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Non-profit Partnership Adds Four Native Alaskan Languages to Transparent Language Online Posted by on Jul 9, 2019 in Company News, education, Language Learning, Product Announcements

Sometimes, when you look at the world, it can be easy to despair at the passage of time and the things we lose along the way. Luckily, there are those who make an effort to change the course of what seems to be an inevitability. With dedication, resourcefulness, and teamwork comes success. And so it is that four new courses have been created for endangered Alaskan languages.

Doyon Foundation and 7000 Languages

According to the Alaskan Native Language Preservation Advisory Council, there are at least twenty Indigenous languages in Alaska, and half of them are located in the central Doyon region. In the past, Alaska Native children were forced to speak English in schools. Now, few people can speak the ancestral languages, and as the population ages, fluent speakers become scarce. The languages simply could not survive more than another generation or two without action.

Fortunately, along came Doyon Languages Online, a partnership between Doyon Foundation and 7000 Languages. Doyon Foundation is a charitable nonprofit run by the largest private landowner in Alaska with over 20,000 shareholders. 7000 Languages is an independent nonprofit which creates free language-learning courses—with the aid of software donated by Transparent Language—so communities can teach, learn, and revive their endangered languages.

With the cooperation and hard work of language community members, curriculum experts, Doyon Foundation, and the partnership between Transparent Language and 7000 Languages, four of the Doyon region languages now have online courses available: Holikachuk, Gwich’in, Denaakk’e (Koyukon), and Benhti Kenaga’ (Lower Tanana).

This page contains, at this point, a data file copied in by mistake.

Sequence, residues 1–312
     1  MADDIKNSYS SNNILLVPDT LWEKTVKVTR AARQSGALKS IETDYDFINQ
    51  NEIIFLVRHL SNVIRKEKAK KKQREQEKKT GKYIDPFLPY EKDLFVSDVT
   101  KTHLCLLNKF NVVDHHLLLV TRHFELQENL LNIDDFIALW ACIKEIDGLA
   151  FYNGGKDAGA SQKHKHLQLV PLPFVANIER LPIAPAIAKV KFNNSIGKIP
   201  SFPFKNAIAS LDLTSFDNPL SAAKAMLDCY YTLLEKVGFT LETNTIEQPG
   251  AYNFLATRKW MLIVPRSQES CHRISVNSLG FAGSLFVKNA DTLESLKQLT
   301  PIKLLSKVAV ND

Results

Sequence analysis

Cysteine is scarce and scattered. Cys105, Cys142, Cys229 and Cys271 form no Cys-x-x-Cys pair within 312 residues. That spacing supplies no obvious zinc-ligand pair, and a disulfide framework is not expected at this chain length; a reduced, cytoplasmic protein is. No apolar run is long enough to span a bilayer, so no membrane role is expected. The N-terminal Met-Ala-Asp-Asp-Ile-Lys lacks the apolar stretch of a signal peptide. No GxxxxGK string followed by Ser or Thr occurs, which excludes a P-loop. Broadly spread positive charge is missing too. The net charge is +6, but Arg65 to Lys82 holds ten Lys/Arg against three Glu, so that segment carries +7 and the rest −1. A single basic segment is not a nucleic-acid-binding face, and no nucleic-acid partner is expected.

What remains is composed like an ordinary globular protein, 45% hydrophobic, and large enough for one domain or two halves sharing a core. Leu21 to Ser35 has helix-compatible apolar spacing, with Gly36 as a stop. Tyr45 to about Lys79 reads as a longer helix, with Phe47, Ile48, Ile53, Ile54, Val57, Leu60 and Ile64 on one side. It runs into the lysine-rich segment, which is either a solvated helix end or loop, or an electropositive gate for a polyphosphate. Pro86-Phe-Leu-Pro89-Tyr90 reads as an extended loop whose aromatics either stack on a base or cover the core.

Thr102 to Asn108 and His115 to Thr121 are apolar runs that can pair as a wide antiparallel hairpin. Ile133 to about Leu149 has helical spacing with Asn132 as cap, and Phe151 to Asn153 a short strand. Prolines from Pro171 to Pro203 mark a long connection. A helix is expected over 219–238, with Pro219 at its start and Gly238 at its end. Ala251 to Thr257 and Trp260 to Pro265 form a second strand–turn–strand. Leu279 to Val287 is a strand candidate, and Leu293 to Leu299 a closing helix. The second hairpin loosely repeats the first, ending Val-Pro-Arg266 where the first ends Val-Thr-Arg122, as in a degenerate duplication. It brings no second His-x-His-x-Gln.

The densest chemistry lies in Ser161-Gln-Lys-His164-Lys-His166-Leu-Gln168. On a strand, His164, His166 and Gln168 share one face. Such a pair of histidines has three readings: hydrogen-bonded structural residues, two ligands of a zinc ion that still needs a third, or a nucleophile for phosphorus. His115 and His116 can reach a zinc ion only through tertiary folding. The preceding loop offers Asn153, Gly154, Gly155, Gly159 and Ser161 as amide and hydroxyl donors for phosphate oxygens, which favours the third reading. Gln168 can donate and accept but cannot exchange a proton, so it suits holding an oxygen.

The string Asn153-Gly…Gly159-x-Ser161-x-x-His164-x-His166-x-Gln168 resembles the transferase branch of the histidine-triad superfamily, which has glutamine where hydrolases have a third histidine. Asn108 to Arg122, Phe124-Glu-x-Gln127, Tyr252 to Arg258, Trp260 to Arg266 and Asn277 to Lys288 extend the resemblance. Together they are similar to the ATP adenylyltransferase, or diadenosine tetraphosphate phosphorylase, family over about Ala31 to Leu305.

These long-anticipated courses were produced by Doyon Foundation under a grant from the Administration for Native Americans. Each course is available on Transparent Language Online. If your library has access to Transparent Language Online it’s time to get out your card. You can now learn some of the most endangered languages on earth – for free!

Holikachuk

One of the languages, Holikachuk, posed significant obstacles because the last fluent Elder passed away in 2012. “Working from archival recordings, and Elders that have a working knowledge of the language, the content creation team drafted, proofed and recorded 10 units of material,” said Allan Hayton, director of the Foundation’s language revitalization program. The new Holikachuk online course consists of five units, along with seven conversational videos and fascinating cultural and grammar notes. A second course, with five more additional units, will be released in the fall.

Gwich’in

Gwich’in, spoken by about 250 people in Alaska and 300 people in Canada, is the ancestral language for about 3000 people in total. The finished Gwich’in course includes 10 units, each with five lessons of content, reviews and unit assessments, as well as nine conversational videos in Gwich’in with English subtitles, and 22 culture and grammar notes.

Denaakk’e

Denaakk’e, also called Koyukon Athabascan language, comes from the land surrounding the middle Yukon River, the Koyukuk River and the Lower Tanana Rivers in the central region of Alaska. Its traditional territory covers 78,000 square miles, approximately the size of the entire state of Minnesota. It, too, has a population of about 3000 with less than 300 active learners of all ages. This course includes 10 units, each with five lessons of content, reviews and unit assessments, as well as 10 conversational videos in Denaakk’e with English subtitles, and 25 culture and grammar notes.

Benhti Kenaga’

Benhti Kenaga’ is one of many Athabascan languages and dialects from the area surrounding the Tanana River in Alaska, but the only one still in existence. The finished course includes 10 units, each with five lessons of content, reviews and unit assessments, as well as 15 conversational videos with subtitles in English, and 13 culture and grammar notes. The Benhti Kenaga’ Pocket Dictionary, published in 2009 and available through the Alaska Native Language Center, is a recommended supplemental resource for anyone taking the course.

The Doyon Languages Online launch coincides with the International Year of Indigenous Languages. In 2016, the United Nations General Assembly adopted a resolution proclaiming 2019 as the International Year of Indigenous Languages. At the time, it was estimated that about 40 percent of the nearly 7000 languages spoken around the world were rapidly disappearing.

7000 Languages began in 2009 as Transparent Language’s Heritage and Endangered Languages Preservation Program (H.E.L.P.P.), which worked with partner organizations to develop courses in Ojibwe, Balinese, and many other languages. From this pet-project of Transparent Language, it has evolved into a visionary nonprofit dedicating 100% of its efforts and resources into providing technology and support for language revival.

It’s nice to see that perseverance and dedication succeeding.

Many thanks to Doyon Foundation for much of the material found in this blog.

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